dispersal barrier

dispersal barrier

[də′spər·səl ‚bar·ē·ər]
(ecology)
A physical structure that prevents organisms from crossing into new space.
McGraw-Hill Dictionary of Scientific & Technical Terms, 6E, Copyright © 2003 by The McGraw-Hill Companies, Inc.
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In other cases the negation is achieved without affecting the dispersal barrier but translocating the species instead.
Aquatic communities in aridland streams are often separated by harsh intervening terrain that can act as a dispersal barrier. However, genetic evidence suggests that populations of several obligatory aquatic taxa exhibit some genetic connectivity, indicating that at least a few individuals move between locations, however infrequently (Finn et al., 2007).
Later chapters cover topics such as alternative methods for snail control in aquaculture ponds, a heuristic tool for predicting dispersal of bighead carp in the Mississippi River system, an electric fish dispersal barrier in the Chicago Sanitary and Ship Canal, and a theoretical strategy for eradication of Asian carp using a Trojan Y chromosome to shift the sex ratio of the population.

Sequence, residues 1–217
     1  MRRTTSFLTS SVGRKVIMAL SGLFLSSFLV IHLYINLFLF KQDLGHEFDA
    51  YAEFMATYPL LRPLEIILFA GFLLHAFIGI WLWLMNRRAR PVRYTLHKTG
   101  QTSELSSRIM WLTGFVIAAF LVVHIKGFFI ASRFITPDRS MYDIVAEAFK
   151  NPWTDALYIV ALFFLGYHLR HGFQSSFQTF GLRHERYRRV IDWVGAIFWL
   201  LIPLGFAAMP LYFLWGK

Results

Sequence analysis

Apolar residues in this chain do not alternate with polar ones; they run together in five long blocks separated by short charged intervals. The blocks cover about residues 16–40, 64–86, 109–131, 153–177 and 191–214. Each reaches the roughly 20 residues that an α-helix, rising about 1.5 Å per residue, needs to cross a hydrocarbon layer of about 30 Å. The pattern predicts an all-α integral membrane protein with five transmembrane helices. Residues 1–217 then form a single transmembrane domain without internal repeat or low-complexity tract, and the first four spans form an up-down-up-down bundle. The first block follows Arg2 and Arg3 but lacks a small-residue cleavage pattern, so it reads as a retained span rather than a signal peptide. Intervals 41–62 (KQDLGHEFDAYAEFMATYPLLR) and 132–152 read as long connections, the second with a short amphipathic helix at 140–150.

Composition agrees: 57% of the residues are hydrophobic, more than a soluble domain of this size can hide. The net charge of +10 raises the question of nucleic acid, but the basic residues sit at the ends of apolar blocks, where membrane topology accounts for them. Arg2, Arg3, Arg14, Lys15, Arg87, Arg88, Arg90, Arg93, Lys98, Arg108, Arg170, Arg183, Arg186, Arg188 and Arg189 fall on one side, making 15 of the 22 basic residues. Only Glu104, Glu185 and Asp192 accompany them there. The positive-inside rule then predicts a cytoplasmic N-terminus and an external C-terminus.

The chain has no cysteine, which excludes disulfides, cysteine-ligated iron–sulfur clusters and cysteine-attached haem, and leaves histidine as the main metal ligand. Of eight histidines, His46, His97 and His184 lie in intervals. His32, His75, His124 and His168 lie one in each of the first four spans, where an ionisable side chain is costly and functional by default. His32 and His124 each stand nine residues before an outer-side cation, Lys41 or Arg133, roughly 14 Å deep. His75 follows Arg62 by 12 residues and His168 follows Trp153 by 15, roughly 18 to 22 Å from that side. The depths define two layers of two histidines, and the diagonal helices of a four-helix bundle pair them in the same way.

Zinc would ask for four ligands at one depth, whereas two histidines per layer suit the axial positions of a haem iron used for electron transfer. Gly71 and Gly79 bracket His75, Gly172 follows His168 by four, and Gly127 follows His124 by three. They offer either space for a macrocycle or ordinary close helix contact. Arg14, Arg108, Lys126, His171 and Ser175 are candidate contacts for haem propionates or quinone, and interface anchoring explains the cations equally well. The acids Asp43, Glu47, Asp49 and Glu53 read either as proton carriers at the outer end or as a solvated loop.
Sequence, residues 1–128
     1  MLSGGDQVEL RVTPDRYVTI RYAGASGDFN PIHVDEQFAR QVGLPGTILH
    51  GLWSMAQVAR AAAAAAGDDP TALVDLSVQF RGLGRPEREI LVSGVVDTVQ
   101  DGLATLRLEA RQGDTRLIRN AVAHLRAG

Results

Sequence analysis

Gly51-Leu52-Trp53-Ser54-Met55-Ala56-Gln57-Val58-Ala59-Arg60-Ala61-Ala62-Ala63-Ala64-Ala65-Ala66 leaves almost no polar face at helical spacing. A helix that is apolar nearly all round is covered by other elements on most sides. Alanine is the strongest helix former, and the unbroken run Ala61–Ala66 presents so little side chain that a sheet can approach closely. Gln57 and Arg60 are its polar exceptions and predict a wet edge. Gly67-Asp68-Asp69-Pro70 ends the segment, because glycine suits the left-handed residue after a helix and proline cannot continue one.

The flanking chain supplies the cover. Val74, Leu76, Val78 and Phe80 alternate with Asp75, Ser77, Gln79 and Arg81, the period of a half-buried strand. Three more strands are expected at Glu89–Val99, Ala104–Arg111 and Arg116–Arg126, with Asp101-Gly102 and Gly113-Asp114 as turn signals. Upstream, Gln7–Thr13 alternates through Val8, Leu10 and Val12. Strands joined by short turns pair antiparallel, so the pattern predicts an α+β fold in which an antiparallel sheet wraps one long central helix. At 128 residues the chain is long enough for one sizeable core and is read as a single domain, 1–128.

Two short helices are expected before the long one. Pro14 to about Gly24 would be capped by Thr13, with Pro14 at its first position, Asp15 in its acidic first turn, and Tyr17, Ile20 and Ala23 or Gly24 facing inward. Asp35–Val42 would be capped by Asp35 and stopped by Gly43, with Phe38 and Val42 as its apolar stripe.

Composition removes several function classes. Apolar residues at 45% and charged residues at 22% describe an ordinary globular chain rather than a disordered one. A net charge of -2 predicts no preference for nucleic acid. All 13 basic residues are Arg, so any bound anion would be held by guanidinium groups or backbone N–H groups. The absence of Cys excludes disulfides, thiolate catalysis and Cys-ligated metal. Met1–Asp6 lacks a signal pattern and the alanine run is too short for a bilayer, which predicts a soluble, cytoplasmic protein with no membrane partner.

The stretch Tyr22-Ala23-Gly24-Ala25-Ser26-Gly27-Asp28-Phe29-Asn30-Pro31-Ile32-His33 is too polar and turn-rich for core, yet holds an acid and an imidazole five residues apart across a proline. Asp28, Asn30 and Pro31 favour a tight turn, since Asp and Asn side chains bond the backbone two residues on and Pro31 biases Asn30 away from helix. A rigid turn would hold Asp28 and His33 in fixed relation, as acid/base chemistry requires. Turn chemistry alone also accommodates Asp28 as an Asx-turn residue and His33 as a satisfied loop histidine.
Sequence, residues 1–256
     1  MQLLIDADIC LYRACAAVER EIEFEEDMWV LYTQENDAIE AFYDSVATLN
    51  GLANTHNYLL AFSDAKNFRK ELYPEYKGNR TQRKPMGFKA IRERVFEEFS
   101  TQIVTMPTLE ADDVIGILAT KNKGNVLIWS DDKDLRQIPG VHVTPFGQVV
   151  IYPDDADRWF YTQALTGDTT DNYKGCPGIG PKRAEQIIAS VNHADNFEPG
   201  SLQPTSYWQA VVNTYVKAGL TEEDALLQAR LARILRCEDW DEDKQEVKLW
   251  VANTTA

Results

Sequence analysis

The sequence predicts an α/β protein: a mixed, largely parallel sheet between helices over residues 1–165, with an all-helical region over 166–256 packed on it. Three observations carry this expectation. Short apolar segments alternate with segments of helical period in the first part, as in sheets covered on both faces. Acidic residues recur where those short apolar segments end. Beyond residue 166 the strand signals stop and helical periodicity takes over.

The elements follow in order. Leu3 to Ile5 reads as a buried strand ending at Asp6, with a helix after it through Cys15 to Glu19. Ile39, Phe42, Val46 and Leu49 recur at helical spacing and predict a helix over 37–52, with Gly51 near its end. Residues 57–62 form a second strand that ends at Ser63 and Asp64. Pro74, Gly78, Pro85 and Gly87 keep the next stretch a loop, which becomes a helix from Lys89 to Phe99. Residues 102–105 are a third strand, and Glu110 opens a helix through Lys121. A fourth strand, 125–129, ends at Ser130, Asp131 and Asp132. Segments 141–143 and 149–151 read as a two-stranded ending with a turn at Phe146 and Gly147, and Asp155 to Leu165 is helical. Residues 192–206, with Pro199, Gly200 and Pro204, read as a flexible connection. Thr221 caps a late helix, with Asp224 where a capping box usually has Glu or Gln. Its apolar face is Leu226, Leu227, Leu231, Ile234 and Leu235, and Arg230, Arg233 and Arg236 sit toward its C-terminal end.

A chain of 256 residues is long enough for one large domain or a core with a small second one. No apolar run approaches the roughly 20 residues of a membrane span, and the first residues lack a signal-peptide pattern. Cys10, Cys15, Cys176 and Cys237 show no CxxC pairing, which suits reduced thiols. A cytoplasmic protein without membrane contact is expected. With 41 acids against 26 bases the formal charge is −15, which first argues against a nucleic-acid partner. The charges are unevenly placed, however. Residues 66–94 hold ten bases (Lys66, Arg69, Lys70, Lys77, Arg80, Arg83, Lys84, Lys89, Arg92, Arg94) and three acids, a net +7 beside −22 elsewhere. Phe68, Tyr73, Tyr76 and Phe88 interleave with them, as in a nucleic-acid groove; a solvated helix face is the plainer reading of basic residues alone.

Also, the relatively high elevation of the Appalachians would have been an additional dispersal barrier to the low-elevation adapted mammals of Florida.
The nutrient-poor, acidic substrates in the extensive stretches of white sands on the eastern slope of the Andes in this region are an effective dispersal barrier for Nasa (which is restricted to more or less fertile soils), facilitating allopatric speciation.
The dispersal barrier in the tropical Pacific: implications for molluscan speciation and extinction.
Some recent studies suggest that agricultural fields surrounding a woodlot may not be as much of a dispersal barrier for rodents as once was thought (Wegner and Merriam, 1990; Cummings and Vessey, 1994).
In addition, strong color differences were detected suggesting that, despite the size of Australia as a target, 1000 km of open water has presented the anemonefish with a dispersal barrier that is rarely crossed.
The Fall Line is a major dispersal barrier to many reptiles and amphibians of the Coastal Plain.
Such transitions may act as dispersal barriers for Brush Mice to reach oak woodlands common elsewhere in southern Oregon.